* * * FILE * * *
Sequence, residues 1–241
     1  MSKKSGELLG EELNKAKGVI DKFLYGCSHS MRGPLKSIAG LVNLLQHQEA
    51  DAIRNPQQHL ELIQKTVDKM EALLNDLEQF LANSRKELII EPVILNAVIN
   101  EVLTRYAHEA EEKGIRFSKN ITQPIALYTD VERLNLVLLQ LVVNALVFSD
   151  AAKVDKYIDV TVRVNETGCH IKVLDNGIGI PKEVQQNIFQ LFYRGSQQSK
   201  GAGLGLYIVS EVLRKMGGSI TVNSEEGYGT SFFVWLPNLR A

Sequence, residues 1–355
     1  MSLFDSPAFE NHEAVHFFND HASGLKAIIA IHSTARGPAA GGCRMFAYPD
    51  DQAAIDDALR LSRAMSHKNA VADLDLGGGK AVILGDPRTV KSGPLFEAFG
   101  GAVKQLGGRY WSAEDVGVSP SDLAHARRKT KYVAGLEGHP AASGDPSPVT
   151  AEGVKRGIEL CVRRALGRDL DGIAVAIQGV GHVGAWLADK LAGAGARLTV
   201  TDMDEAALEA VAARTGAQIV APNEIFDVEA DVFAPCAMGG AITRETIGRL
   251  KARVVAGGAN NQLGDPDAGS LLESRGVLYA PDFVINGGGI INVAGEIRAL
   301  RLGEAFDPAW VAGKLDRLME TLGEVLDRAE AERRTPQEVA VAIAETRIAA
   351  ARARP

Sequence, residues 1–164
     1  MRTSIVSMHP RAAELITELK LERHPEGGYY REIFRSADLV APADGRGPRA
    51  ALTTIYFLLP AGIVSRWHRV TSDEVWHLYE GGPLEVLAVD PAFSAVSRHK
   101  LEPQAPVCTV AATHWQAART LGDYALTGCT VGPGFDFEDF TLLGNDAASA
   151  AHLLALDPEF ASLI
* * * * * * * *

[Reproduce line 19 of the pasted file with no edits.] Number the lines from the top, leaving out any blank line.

   101  LEPQAPVCTV AATHWQAART LGDYALTGCT VGPGFDFEDF TLLGNDAASA